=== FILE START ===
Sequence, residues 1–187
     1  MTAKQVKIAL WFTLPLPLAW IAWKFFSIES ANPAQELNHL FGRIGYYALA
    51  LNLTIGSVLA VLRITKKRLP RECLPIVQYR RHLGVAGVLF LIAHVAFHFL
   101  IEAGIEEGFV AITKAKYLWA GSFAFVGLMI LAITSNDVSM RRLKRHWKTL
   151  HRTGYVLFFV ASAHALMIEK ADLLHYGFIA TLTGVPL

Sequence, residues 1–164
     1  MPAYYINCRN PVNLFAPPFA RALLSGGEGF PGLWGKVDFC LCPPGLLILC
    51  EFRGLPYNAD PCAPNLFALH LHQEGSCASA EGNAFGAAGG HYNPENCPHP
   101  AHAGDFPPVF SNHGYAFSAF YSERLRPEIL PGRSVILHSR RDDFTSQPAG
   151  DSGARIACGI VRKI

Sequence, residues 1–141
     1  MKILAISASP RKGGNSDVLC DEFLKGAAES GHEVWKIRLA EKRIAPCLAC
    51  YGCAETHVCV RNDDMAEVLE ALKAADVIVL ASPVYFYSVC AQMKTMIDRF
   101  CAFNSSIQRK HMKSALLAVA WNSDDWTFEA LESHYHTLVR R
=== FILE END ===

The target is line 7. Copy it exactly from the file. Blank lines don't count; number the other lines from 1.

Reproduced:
     1  MPAYYINCRN PVNLFAPPFA RALLSGGEGF PGLWGKVDFC LCPPGLLILC